Sunday, 30 April 2017

The Wicker Man (1973)

Fig 1: Poster
Robin Hardy's The Wicker Man (1973) is a thriller, horror, mystery and crime film. It was based on  David Pinner's novel Ritual. The movie tells a story about Neil Howie a police sergeant, as he sets off to the remote coast of Scotland to investigate a case of a 12 years old girl who went missing, after he received a letter addressed to specifically to him. The place he goes to is owned by Lord Summerisle, known for their crops and fruits. After lots of very strange events, Howie realises that the locals are pagans and practising old rituals, which leads to him figuring out that the young girl is still alive and is held to be sacrificed for successful growth of crops and fruits for next year. However, everything takes a tragic turn when he ends up being the sacrifice, as the whole missing girl case was only a set-up for luring him to this horrible and lunatic place.
Fig 2: The devastating end scene
The movie is claimed to be one of the best British horror film and is classified as horror, however it is better described as only a folk horror, as it lack what a typical horror is described as. Said by Anne Billson in a article "The Wicker Man is influential not just on subsequent horror cinema, but on the thriller genre in general in the way it sets an artfully composed series of traps for its unwitting protagonist, expertly wrong-footing both him and the audience until the devastating ending..." (Billson, 2010) If the audience is looking for gore and monsters, this movie is not the one, but the ending of the film is a perfect fit the category, paired with some creepy scenes and the animal costumes.
Fig 3: Strange and unsettling costumes
The release of the film was very troublesome, as the director was told to cut lots off of the footage, and the original cut was considered to be lost, however later on it has been found (quite damaged) and after restoring what still could be saved, the film we see today (said by the director) is the closes to the original. Sometimes it is noticeable where the film was damaged and repaired by the quality and cuts, but the events on the screen take the audience's attention away from the little flaws in the footage.

The movie displays two main religion that could be considered as very opposing religions. The main protagonist is a faithful Christian, while all of the locals are pagans. Said by Steven D. Greydanus "Is The Wicker Man anti-Christian? Anti-pagan? Anti-religion? Where are its sympathies? Does it have any?...The two worldviews stand face to face, both unmasked, and in the end nothing is resolved." (Greydanus, s.d.) Throughout the film the audience is presented with a quite detailed exploration of pagan beliefs, while showing strong contrast as Howie keeps true to his Christian beliefs and often preaches about it. At the last scene the differences finally meet and that is the part that makes the whole film questionable if it is against Christianity, claiming that there is no God or God has failed and is dead, while Howie pray and keeps strong; or it tries to show Paganism in a negative light, as they do lots of strange and creepy things throughout the whole film and they happily dance and sing while the sacrifice screams and burns to death. But in the end it is left to the audience which part they are taking and what they read into it.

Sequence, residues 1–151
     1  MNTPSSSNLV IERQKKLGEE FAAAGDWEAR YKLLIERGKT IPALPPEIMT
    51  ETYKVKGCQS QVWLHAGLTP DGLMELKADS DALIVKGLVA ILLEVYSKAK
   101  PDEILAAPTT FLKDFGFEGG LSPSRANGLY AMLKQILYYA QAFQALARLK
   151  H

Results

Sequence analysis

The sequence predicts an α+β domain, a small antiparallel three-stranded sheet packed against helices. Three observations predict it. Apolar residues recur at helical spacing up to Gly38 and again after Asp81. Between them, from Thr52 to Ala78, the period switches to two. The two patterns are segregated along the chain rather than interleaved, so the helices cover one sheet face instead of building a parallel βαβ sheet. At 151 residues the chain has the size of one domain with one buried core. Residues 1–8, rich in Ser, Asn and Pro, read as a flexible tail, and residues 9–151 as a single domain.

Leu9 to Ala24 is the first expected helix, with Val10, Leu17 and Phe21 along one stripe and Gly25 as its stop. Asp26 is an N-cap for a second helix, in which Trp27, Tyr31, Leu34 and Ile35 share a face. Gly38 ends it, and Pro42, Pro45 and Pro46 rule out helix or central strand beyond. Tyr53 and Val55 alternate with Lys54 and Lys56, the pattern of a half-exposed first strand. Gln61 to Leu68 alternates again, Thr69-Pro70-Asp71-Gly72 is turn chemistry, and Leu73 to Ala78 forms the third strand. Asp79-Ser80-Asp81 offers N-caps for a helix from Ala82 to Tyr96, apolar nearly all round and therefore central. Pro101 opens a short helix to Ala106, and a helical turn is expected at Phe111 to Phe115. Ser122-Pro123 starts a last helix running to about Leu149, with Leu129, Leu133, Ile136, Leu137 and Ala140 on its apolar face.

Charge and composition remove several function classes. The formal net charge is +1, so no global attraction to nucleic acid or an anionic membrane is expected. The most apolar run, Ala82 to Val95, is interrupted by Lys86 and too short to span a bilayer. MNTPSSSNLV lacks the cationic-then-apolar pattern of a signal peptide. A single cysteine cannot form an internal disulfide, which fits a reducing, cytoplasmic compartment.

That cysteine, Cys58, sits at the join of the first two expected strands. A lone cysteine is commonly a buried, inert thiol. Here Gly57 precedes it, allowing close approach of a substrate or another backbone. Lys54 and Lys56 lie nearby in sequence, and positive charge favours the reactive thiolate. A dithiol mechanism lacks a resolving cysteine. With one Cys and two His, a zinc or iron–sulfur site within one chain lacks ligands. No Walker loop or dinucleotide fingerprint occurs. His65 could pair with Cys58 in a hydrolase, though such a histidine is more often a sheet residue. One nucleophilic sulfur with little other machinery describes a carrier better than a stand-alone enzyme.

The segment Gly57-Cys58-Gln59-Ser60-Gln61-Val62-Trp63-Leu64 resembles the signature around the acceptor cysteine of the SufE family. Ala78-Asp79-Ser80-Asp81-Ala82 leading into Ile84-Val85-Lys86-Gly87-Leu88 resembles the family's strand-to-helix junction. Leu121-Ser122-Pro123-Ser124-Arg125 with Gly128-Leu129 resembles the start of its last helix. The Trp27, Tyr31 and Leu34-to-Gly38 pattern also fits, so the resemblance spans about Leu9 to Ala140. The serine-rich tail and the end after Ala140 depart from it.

Fig 4: Howie placing a Christian cross in the unused church
The film had a troublesome past, and was not very recognised until after it has been repaired from the damages. The general opinion about the film is highly positive and is often said to be one of the greatest British horror film, with high ratings from various websites or magazines; finding negative opinion of the movie is quite a challenge. However, those who did not find enjoyment in the film, often criticise the plot, message, pace and the incorrect categorising of 'horror and mystery'. As said by a review on IMDb "If this film deserves any credit at all, it's for an underlying metaphor that puts the viewer in the very same emotional state as the main character." Agreeing with this statement, the movie does quite actively achieves to put the audience in the shoe of the main character, building up frustration and confusion, as the hints and clues of the missing girl points to another direction, but it has an incredibly slow pace and questionable, unnecessary or disturbing scenes and elements. Another review states "This is definitely one of the worst movies I have ever seen. At the ending, I was very confused as to what I should take away from it. That Christians are pure and above reproach and pagans are evil? Is there even an underlying theme to this movie? If so, it was completely lost on me having to sit through all its incredibly dull scenes." Overall, most people have greatly enjoyed the film, and there is no doubt, that in some ways it can be viewed as creative horror film with a message that can be controversial, but it is just simply not for everyone.